Sometimes Falling Feels Like Flying

An Interview with Ali Prosch

by Stephanie Washburn

Ali Prosch investigates modes of female representation through her work in video, installation, and performance art. A 2009 MFA graduate of CalArts in Valencia, she has exhibited at national and international venues including Redcat, Smithsonian Hirshhorn Museum, The Museum of Contemporary Art Miami, Fred Snitzer Gallery, The Company, White Box, and Tomio Koyama Gallery.

In our interview at her studio in Los Angeles, Prosch discussed three recent videos, “Fall,” “Tossed,” and “Ground.”

Q. How did you come to the premise for your video “Fall”?

A. I was making imaginary flying devices at the time–simultaneously thinking about the body in motion, falling, and flying. I decided that the only way I could figure out how to fly was to fall, and there’s that split moment in a fall where I’m flying!

Q. So you really had to practice falling?

A. I worked with a dance teacher, and she taught me how to fall in an elegant, graceful way. But I wanted “Fall” to appear authentic and almost comical, like Charlie Chaplin kicking his foot out to launch himself into the air. When I made the piece, there were definitely better falls than others, and the good ones actually hurt the most.

Q. Can you describe the various costume changes?

A. I go through outfits in between takes. My work is always dealing with representations of women. I was thinking about the multiple roles of being a woman and also the personas people move in and out of on a daily basis.

Q. Women in comedy still seem like too much of a rarity in the world. What does humor offer in terms of your interest in feminism?

A. It allows me to discuss the problems I find in the world without forcing the viewer to directly carry that burden. I definitely don’t want to dilute an issue by using humor, but it can make things more accessible. I mean it’s really a psychological strategy, and a coping mechanism, and for me the best way to touch upon taboos and stigmatizations in American culture.

Q. The comedy largely comes in relationship to your own body. It’s a strange place to work from, as both the producer and performer. That tension seems important.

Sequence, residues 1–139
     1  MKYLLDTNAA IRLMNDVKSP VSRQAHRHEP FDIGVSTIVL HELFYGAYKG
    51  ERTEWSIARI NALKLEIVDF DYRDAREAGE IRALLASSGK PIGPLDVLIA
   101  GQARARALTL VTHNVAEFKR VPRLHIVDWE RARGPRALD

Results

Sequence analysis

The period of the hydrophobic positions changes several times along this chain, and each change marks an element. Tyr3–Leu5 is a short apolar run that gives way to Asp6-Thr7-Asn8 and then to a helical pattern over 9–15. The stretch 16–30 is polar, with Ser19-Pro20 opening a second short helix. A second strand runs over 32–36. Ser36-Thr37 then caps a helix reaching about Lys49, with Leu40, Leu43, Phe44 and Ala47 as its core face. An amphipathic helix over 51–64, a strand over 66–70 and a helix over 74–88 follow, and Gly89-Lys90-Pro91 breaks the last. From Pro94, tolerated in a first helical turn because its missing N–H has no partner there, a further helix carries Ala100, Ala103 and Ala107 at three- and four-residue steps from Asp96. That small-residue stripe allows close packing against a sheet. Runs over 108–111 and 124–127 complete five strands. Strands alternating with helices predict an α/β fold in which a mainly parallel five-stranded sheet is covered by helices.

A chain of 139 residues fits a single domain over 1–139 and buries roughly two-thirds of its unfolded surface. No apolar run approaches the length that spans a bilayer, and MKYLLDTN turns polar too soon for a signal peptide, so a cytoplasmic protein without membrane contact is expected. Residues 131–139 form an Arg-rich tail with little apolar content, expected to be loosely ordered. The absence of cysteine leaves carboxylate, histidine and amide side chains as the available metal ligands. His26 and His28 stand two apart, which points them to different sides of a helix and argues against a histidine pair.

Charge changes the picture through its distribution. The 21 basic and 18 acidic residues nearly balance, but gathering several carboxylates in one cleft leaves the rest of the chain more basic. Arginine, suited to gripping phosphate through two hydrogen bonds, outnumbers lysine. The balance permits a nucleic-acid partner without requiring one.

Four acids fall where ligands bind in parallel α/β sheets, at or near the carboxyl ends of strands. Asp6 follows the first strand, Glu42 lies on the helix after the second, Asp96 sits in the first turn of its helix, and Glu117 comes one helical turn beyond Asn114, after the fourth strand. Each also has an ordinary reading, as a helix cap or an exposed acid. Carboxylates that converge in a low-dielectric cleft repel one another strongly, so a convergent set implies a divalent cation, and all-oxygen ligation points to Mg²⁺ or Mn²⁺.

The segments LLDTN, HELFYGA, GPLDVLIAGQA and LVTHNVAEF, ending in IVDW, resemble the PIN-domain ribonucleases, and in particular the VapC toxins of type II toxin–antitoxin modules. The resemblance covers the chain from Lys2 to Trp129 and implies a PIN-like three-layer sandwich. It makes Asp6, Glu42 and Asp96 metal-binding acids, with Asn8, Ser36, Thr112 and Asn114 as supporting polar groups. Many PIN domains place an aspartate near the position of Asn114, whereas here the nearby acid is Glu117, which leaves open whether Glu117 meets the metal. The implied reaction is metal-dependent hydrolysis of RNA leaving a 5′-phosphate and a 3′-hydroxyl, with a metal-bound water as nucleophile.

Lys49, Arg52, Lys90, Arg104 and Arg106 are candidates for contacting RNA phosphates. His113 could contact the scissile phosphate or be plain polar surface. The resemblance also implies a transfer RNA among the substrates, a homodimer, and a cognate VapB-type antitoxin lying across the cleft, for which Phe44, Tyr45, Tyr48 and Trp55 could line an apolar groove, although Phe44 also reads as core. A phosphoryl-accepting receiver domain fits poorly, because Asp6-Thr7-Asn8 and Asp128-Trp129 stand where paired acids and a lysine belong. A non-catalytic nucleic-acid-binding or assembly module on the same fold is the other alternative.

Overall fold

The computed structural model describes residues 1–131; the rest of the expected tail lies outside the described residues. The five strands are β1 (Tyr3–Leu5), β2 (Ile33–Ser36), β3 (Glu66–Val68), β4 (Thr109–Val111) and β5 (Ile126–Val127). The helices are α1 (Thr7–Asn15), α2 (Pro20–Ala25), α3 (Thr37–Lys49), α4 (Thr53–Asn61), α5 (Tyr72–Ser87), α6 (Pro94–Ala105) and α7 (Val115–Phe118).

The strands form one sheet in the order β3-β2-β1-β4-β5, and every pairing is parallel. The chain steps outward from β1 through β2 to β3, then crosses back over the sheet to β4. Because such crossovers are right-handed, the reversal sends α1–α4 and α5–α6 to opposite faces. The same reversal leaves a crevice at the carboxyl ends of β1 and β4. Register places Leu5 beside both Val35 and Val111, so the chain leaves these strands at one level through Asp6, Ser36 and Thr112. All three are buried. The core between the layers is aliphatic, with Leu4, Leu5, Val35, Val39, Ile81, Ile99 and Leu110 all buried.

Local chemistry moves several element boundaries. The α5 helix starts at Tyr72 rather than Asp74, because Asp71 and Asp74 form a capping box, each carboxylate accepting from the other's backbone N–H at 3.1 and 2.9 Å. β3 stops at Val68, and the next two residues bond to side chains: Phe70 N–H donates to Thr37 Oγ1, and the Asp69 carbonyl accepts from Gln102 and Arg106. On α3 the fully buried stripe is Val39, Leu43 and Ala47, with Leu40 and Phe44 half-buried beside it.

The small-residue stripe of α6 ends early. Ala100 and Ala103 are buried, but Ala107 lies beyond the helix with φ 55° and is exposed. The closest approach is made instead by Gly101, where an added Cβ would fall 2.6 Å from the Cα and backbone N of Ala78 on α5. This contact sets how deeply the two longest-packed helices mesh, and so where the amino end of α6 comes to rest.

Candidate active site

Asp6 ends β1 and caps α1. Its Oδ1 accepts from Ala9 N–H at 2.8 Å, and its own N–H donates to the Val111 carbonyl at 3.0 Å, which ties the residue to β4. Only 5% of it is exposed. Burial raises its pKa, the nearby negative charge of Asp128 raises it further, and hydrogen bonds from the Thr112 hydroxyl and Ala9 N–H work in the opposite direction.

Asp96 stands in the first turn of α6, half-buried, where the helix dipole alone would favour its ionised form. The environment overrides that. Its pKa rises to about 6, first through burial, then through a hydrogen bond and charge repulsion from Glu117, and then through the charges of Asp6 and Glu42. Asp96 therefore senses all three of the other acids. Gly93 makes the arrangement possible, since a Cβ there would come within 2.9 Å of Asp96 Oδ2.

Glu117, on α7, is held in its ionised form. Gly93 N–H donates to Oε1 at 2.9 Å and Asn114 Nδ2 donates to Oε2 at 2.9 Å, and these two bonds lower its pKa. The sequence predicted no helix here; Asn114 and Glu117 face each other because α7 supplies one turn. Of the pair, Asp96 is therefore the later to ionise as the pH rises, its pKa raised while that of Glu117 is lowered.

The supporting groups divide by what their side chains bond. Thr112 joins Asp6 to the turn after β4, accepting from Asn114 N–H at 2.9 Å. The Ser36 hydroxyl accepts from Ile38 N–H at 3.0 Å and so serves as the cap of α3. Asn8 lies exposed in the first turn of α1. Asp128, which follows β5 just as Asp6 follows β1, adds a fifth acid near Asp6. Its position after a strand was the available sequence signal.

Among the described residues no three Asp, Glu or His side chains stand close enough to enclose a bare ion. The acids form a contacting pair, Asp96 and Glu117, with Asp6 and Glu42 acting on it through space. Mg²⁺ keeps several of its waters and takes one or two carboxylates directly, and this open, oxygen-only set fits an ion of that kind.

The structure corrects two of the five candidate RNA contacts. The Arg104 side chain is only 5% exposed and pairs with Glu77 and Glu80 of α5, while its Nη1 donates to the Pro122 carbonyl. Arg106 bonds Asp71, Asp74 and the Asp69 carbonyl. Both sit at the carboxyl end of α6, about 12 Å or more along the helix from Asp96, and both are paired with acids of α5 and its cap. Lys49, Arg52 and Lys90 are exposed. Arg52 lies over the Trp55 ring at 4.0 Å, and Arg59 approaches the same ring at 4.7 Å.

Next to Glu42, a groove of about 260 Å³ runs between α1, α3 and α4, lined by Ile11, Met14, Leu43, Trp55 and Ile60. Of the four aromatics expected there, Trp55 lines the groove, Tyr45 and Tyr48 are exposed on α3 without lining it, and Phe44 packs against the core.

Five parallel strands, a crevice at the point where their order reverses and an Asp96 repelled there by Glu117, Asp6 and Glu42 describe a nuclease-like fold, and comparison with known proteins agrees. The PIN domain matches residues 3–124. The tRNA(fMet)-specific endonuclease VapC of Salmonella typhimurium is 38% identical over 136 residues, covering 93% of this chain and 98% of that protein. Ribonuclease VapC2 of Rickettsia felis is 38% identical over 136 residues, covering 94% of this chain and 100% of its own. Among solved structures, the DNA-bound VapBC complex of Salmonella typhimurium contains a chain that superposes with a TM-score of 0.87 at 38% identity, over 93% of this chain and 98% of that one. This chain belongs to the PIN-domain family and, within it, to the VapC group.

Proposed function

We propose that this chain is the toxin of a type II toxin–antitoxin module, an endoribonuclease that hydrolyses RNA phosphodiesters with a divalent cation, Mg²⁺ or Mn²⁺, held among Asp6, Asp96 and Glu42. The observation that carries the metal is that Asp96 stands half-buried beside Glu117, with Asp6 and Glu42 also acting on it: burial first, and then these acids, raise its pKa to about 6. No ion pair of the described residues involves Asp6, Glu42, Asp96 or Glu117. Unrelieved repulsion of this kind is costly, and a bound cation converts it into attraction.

A. The ideas in my work are generated from personal experiences. And in my practice it makes more sense to use my own body rather than hiring an actor. I get stage fright, which surprises people because I’ve done some crazy performances, like humping castles when I was traveling all over England. I don’t really know how to detach myself from my experiences, but I think that energy is conducive to the work.

Q. In “Tossed,” I really feel like I’m watching a personal experience and not a performance. Your gaze is so fixed and unflinching and unavailable to an audience.

A. I just toss a salad–lettuce, cabbage, and chard fling up and across the frame, over and over again. My intention was to pull a mundane gesture from the everyday and transform it into something that is mesmerizing. I realized I had to push the character into a strange psychological space for the piece to work. Something really magical happened by not blinking. I removed myself from being looked at as the object.

Q. There’s also all this cabbage whizzing by that you seem maniacally oblivious to. You disengage not just as the object of the viewer’s gaze but also from the physical world.

A. I went into the void! The use of repetition is important. Formally, there is a push and pull that I think really draws the viewer in. And repetition seems very relevant given that our contemporary world is so much about appropriation, recycling, looping, obsolescence.

Q. Right, that repetition really gets at an aesthetic of failure. But your willfulness there is pretty hypnotic too.

A. A lot of the new work explores futility. It’s getting pretty existential. But I think it’s also very much about seduction.

Q. How do you think about using the camera in relationship to the experience of performing?

A. I strongly believe there is a difference between the bodily experience and just simply viewing an event on a monitor or screen. On a social level, what is our capacity to use our imaginations, to fill in for the things that we cannot see? If every detail and nuance are handed to us via cgi and graphic manipulation, how does this affect our minds? I’m interested in extending the suspension of disbelief through various editing techniques–analogue and do-it-yourself strategies. For example, in my new video “Ground” I create the illusion of tap dancing myself into the ground. There are several shots in which I use non-sync sound, or sync-sound with no image, in order to push the viewer to fill in what they cannot see with their minds.

Stephanie Washburn is an artist based in Ojai and Los Angeles and a lecturer in the Department of Art at UC Santa Barbara.

*Video art stills by Ali Prosch.


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